The 8 Best Substitutes For Arrowroot Flour

What can I use instead of arrowroot flour? The best substitutes for arrowroot are tapioca starch and cornstarch, which can replace arrowroot as a thickener, binder, and coating for frying. Use flour, potato starch, and rice flour as a thickener and for baking. Other gluten-free thickeners are xanthum gum, gelatin, and agar agar.

Arrowroot flour is a gluten-free starch that comes from a yam-like tuber. Because it is neutral-tasting and colorless, arrowroot flour makes an ideal thickening agent, binder, and coating for fried food. We recommend these eight handy substitutes if you can’t find arrowroot flour.

Tapioca Starch

Tapioca starch or flour, a product of the cassava root, is the perfect gluten-free and vegan substitute for arrowroot.

Like arrowroot, tapioca has a mild flavor, won’t discolor your dish, and can be frozen and reheated successfully. The advantage of tapioca is that it works well when heated and can withstand high temperatures, unlike arrowroot.

Tapioca works well with acidic ingredients, so it is ideal for fruit dishes like tarts and pies, giving them a glossy sheen.

Replace arrowroot with equal quantities of tapioca starch when thickening sweet sauces, pie fillings, jams, and jello.

Tapioca also works well as a binder, for example, in meat-free burgers. Replace arrowroot with tapioca flour when coating tofu or fish before frying or as a component in a gluten-free flour mix.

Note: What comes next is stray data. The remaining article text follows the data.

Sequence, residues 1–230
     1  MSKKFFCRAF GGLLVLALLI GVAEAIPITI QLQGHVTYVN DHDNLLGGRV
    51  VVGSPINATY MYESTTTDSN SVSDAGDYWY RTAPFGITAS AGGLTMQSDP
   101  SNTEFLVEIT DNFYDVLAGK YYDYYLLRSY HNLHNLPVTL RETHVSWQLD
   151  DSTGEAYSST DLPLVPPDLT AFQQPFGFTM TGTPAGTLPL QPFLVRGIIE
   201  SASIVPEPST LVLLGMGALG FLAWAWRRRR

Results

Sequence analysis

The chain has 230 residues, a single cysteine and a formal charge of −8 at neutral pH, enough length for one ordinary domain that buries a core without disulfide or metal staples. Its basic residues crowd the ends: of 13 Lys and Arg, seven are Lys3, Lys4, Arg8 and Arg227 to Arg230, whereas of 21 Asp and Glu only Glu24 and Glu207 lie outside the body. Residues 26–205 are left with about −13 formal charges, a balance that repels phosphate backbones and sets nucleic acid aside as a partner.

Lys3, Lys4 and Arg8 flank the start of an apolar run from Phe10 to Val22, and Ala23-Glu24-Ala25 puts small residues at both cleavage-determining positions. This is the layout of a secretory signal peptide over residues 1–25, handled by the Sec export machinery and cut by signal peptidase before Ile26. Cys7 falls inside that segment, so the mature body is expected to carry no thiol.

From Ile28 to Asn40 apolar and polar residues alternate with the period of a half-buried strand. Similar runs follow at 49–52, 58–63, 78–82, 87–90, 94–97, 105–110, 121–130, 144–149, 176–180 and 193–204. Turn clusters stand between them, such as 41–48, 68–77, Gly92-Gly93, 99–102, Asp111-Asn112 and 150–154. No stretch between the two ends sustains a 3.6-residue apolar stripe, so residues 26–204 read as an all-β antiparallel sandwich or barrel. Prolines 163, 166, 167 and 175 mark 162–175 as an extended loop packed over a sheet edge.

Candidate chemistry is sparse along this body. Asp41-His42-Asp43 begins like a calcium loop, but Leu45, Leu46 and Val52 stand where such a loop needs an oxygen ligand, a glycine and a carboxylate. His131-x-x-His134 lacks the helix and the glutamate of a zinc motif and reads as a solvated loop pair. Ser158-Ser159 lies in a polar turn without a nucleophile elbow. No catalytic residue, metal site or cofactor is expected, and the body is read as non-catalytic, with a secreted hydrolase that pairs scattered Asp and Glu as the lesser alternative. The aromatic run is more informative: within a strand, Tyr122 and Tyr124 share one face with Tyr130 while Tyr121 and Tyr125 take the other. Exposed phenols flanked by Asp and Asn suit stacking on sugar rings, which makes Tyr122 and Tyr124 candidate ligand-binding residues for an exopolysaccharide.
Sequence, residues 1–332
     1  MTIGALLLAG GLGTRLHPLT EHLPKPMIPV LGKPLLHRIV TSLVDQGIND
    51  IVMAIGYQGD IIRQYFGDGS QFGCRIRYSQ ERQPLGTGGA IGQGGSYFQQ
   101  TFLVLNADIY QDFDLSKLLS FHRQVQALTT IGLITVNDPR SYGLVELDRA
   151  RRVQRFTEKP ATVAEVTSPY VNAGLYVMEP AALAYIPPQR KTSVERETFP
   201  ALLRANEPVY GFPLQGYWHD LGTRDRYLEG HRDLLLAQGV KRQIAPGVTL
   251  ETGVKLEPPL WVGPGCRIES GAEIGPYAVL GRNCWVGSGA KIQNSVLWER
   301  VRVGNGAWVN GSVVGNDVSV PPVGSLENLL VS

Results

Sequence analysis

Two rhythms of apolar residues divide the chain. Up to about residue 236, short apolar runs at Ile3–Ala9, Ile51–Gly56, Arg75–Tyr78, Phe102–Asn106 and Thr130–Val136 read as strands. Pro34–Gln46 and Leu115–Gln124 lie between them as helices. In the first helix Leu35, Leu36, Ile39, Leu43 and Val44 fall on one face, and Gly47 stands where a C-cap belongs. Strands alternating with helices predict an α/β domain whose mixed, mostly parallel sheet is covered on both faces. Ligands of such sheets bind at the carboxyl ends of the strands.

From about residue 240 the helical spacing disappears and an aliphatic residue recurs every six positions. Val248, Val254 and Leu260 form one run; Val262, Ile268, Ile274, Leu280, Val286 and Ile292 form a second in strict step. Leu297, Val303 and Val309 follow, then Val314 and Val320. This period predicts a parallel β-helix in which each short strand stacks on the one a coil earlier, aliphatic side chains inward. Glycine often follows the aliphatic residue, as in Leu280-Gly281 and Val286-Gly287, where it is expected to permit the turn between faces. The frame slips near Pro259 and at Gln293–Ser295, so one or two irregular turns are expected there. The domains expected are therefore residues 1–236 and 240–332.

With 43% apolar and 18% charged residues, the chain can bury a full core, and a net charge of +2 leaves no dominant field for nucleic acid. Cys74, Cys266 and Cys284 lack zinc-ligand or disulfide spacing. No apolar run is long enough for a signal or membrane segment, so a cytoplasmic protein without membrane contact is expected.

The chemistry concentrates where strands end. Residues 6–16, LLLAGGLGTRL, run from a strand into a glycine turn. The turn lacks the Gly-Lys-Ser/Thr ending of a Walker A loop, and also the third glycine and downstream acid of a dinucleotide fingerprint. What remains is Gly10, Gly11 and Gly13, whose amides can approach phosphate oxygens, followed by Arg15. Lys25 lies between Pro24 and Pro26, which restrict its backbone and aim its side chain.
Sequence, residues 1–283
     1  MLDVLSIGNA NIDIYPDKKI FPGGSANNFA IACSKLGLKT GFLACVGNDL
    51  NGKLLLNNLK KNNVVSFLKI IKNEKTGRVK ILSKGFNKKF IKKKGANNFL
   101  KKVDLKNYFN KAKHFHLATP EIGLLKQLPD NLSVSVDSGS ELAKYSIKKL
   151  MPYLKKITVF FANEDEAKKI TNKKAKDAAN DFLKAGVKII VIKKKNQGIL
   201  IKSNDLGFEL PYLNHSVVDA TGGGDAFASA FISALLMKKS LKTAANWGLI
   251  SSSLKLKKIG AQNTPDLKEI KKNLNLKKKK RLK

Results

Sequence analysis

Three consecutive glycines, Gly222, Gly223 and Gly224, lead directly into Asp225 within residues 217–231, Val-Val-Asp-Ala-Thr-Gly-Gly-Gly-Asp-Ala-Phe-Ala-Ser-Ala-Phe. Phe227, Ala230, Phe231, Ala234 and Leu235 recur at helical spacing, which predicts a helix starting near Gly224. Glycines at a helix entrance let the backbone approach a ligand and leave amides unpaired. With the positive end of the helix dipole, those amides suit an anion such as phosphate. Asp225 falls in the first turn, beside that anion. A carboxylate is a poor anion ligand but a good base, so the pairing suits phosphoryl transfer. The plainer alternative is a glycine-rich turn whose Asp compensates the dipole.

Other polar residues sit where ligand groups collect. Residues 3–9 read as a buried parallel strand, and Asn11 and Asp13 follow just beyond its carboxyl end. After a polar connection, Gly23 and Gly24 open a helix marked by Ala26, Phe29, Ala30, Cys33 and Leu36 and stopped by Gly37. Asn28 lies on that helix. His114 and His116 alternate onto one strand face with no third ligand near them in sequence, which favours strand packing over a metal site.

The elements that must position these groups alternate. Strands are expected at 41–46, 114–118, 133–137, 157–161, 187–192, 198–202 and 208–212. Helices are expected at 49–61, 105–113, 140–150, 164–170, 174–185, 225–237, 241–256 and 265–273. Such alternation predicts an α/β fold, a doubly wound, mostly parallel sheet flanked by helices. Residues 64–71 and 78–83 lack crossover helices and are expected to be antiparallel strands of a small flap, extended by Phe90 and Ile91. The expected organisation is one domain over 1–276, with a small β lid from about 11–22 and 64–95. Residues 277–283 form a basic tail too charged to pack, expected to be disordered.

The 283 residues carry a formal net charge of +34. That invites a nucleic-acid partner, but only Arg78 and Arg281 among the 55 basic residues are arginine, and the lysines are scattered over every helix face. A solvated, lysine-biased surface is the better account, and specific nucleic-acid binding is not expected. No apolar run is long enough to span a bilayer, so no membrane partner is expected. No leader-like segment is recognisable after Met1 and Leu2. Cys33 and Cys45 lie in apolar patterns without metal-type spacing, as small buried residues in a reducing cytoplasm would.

Another practical and convenient vegan substitute for arrowroot flour is cornstarch.

Cornstarch, also called maize starch and cornflour, is a gluten-free white powder made from corn. It is an excellent thickener, has a neutral flavor, and gives food an appealing shine.

To activate cornstarch’s thickening and binding qualities, it needs to be made into a slurry (combined with water to form a paste) and heated.

Unfortunately, you can’t use cornstarch with acidic ingredients, like tomatoes or in frozen goods, as it breaks down.

Replace arrowroot with equal amounts of cornstarch when making clear, stock or soy-based sauces or sweet sauces like custard.

Cornstarch is an excellent coating for tempura. You don’t need to use egg as it sticks well. However, it’s not a good choice for baking.


If you don’t have an issue with gluten or wheat, you can use regular wheat flour as a substitute for arrowroot.

Flour is the traditional ingredient used for thickening sauces, stews, and soups and forms the basis of a roux. However, it doesn’t make for a glossy finish. It’s also ideal for creating a frying batter and for baking.

Substitute two parts of all-purpose flour for one part of arrowroot when using it as a thickener. Use equal amounts when dusting protein for frying.

Because arrowroot forms part of gluten-free baking mixes, wheat flour isn’t a good baking substitute.

Potato Starch

Another excellent substitute for arrowroot flour is potato starch.

Potato starch is extracted from potatoes and dried to form a neutral-tasting powder. It is not the same as potato flour, which is made from the whole cooked potato and tastes like the vegetable.

Being gluten-free and vegan, potato starch is best used as a thickener but can be used as a coating for fried food and as a component of gluten-free flour.